Pasnau goes on to consider Aquinas’s attention to higher-order volitions. For example: “I will to become healthier … and so I will myself to take a particular medicine.”(228) This complication, he assures us, “connects [Aquinas’s] action theory with his moral theory, inasmuch as crucial virtues (justice and charity) just are dispositions of the will.” (229) So “human beings are in control of their acts because of a capacity for higher-order judgments and higher-order volitions.” (230) But, Pasnau admits, if, as his compatibilist reading of Aquinas implies, “all of our choices are causally necessitated, then eventually the causal chain must move outside of us” so that “our present choices are determined by factors that we cannot control.” (230)
In the end, Pasnau has Aquinas bite the bullet. “Given the entire state of the universe, including an individual’s higher-order beliefs and desires, a certain choice will inevitably follow.” (232) But, he supposes, one can concede this and still be consoled with the thought that we are at least very different from non-human animals. “Our higher-level beliefs and desires can take control of our immediate judgments and appetites.” (232) Thus, even if hungry, we may not eat. After all, we “may have given up meat, we may be dieting, we may suspect the food will make us sick.” (ibid.)
There is much more of philosophical interest in Pasnau’s discussion of human freedom than I have presented here. And, of course, there are many more topics of philosophical interest in his book than I have been able to cover. But perhaps I have said enough to make my general characterization of his book plausible.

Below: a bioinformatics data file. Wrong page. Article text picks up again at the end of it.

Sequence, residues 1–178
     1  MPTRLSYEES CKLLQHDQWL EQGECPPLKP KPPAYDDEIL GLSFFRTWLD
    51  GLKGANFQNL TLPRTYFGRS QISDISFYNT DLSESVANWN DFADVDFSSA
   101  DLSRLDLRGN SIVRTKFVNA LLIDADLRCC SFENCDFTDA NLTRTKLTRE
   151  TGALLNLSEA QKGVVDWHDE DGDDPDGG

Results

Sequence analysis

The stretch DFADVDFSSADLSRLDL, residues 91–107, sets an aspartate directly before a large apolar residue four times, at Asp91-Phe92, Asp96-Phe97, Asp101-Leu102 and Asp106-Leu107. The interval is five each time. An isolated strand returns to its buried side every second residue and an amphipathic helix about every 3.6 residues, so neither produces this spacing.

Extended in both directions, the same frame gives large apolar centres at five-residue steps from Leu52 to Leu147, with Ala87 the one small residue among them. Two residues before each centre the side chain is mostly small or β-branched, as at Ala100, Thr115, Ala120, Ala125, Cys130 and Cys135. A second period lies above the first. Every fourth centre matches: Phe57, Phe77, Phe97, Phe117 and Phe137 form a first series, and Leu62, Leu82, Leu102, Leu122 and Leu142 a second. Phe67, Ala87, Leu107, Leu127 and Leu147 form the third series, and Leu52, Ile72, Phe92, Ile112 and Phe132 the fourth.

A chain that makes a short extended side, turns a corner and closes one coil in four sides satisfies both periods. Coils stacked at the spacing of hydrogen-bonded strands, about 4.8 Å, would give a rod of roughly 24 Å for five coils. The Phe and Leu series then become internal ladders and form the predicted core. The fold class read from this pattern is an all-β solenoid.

This book is one of the most philosophically engaging treatments of Aquinas to appear in recent years. Several of its characteristics make it especially engaging. First, it is written in the style of a current philosophy article, not in the style of a purely scholarly study. Second, it is studded with references to philosophy from all periods, including the last half of the 20th century. The contemporary references are never at center stage; but they always enrich the discussion and they clearly make the point that Aquinas’s thought should give us live options for thinking about philosophical issues that concern people today, not just issues that concern historians of philosophy. Third, this book is full of candid assessments of the viability of Aquinas’s doctrines and analyses. These assessments come, not just at the ends of chapters, but all along the way. Pasnau reveals himself to be a deeply informed and generally Aquinas-friendly expositor and critic. But he never pretends that something is clearer than he really thinks it is, or more defensible than he considers it to be. The reader soon gains confidence that the interpretations offered here will be informed by, not just a careful reading of QQ 75-89 of the Prima pars, but also by a mature conception of the philosophy of St. Thomas.
This book is certainly a “must read” for devotees of Aquinas and medieval philosophy more generally. More important, it is also a work that can be read with profit and enjoyment by anyone at all interested in the views of St. Thomas on the basic questions of philosophy.